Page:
- If a student completes a Master’s degree at an accredited institution, not Loyola they may be able to transfer up to 18 credit hours to the doctoral program.
- If a student has a Bachelor’s plus 5+ years of professional experience, they should complete a Master’s as part of their coursework towards earning a doctorate in the program.
Doctoral students in 3Cs (Curriculum, Culture, and Communities) are required to maintain the status of continuous enrollment during their program of studies. This means that during each semester of each academic year (excluding Summer Sessions), each student must enroll in at least one course. A formal leave of absence may be granted upon request and the approval of the School of Education’s Assistant Dean of Student Academic Affairs.
A comprehensive assessment is required. Specific requirements will be shared with all students.
The requirements for doctoral candidacy are 1) successful completion of all specifically required coursework; 2) successful completion of all comprehensive assessment, 3) approval of the dissertation proposal by the approved dissertation committee and Institutional Review Board (IRB).
The following courses are required to earn a the MEd. You can learn more about each course on our Course Syllabi page.
Required Core Courses (12 Semester hours)
- CIEP 440 Critical Investigations in the Field of Curriculum
- CIEP 469 Issues that Shape Teaching and Learning in Urban Schools and Communities
- CIEP xxx Theories and Practices of Partnerships
- CIEP 524 Privilege, Power, and Possibilities: Teaching for Social Justice in Schools and Communities
Required Electives (At least 6 Semester hours)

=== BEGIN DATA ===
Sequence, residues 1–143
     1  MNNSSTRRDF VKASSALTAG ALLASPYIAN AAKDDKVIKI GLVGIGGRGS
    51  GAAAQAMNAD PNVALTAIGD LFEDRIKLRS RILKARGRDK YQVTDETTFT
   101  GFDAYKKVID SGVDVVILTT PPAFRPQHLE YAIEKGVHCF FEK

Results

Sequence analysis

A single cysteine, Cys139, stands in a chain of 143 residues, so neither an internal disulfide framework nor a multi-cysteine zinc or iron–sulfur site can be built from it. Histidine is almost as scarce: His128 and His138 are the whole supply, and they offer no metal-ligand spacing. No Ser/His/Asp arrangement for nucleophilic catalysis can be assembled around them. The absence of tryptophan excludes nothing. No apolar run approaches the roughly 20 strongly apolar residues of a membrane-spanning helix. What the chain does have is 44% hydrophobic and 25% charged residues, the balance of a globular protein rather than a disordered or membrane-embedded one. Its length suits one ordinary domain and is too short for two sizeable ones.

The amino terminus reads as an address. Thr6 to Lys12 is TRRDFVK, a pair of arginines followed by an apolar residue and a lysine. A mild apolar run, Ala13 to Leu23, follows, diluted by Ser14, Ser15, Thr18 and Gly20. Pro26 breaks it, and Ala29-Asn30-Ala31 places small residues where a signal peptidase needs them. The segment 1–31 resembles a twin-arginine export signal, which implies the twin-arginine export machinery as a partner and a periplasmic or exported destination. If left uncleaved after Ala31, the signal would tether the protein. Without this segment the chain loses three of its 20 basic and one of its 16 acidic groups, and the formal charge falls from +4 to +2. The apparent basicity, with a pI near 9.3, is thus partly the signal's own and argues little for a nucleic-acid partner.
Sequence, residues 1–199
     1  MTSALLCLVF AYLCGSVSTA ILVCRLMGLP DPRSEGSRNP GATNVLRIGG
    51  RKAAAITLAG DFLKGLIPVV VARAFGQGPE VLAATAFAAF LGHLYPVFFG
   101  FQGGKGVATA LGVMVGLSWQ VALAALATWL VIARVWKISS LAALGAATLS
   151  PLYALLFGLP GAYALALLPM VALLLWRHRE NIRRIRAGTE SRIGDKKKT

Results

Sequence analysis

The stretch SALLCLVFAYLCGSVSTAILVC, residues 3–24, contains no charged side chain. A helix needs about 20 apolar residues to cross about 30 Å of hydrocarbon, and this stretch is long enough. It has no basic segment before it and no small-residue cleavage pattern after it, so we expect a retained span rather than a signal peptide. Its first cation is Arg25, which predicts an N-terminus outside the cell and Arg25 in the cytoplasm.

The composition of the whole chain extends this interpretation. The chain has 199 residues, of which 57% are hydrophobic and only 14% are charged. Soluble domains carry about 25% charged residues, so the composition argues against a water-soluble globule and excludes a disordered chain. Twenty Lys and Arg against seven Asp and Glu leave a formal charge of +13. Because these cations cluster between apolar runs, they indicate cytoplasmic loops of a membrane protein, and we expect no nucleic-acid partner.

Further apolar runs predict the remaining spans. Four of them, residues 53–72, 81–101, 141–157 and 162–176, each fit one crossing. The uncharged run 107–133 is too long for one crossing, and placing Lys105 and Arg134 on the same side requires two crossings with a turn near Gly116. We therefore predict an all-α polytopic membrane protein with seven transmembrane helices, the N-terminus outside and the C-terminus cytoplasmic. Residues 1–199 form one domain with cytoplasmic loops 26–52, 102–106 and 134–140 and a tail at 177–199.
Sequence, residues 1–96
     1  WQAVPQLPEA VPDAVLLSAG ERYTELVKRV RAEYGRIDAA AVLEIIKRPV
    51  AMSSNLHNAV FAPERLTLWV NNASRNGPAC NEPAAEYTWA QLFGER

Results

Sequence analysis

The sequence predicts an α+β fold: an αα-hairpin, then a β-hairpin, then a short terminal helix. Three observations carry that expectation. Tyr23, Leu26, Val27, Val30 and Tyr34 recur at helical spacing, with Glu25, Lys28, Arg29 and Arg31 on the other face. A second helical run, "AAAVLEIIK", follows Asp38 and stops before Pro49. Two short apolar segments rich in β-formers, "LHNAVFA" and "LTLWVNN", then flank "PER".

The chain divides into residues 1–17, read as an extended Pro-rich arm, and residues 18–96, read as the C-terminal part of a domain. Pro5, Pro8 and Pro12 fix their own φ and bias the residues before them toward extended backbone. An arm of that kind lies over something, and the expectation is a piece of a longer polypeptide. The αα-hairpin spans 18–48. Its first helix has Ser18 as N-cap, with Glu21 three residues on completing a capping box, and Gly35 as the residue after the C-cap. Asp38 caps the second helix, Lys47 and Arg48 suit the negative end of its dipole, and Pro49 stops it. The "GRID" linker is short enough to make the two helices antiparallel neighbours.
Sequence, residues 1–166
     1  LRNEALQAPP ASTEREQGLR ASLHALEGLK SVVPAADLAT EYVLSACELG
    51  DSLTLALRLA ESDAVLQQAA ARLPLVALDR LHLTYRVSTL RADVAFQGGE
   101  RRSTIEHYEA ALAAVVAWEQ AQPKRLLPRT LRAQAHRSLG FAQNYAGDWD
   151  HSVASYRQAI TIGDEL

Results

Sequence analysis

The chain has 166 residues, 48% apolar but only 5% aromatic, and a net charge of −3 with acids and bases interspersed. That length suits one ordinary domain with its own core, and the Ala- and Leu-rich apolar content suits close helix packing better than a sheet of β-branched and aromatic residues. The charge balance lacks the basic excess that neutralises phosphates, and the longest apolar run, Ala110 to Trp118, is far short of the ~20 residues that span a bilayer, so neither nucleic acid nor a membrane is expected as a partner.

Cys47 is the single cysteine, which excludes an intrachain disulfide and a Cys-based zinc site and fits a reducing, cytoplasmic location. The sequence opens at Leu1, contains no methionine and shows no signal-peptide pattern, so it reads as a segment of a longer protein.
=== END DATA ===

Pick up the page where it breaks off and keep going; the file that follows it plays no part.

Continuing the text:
- CIEP 521 Curriculum Theory and Research with Schools and Communities: Positionalities, Perspectives, and Transformations
- CIEP 522 Curriculum Policy across Schools and Communities
- CIEP 523 Curriculum Improvement and School-Community Change
Required Research Course (9 Semester hours)
- CIEP 488 Participatory Action Research (PAR) in Schools and Communities
- RMTD 420*: Educational Research I: Building a Body of Evidence Using Qualitative Methods (3)
- RMTD 421**: Educational Research II: Building a Body of Evidence Using Quantitative Methods (3)
* RMTD 400: is a prerequisite for RMTD 420
** RMTD 404: is a prerequisite of RMTD 421
Electives (The total of 15 Semester hours should be completed with advisor’s approval among recommended elective courses)
- CIEP 442 Culturally Sustainable Curriculum Development & Implementation or
- CIEP 470 Principles of Instructional Design
- CIEP 447 Technology-Enhanced and Online Teaching
- CIEP xxx Models of Instruction
- CIEP 509 Social Justice Multilingual Leaders
- CIEP 473 Instructional Leadership for Multicultural Schools (Rome and Chicago)
- CIEP 540 Special Topic in Curriculum
- Other SOE graduate courses
Interested in applying? Check out the EdD Curriculum, Culture and Communities (3Cs) application requirements.
Tuition, Financial Aid and Scholarships
The School of Education and Loyola's Financial Aid Office are committed to helping students secure the necessary financial resources to make their education at Loyola affordable. You can learn more on the Financial Assistance page.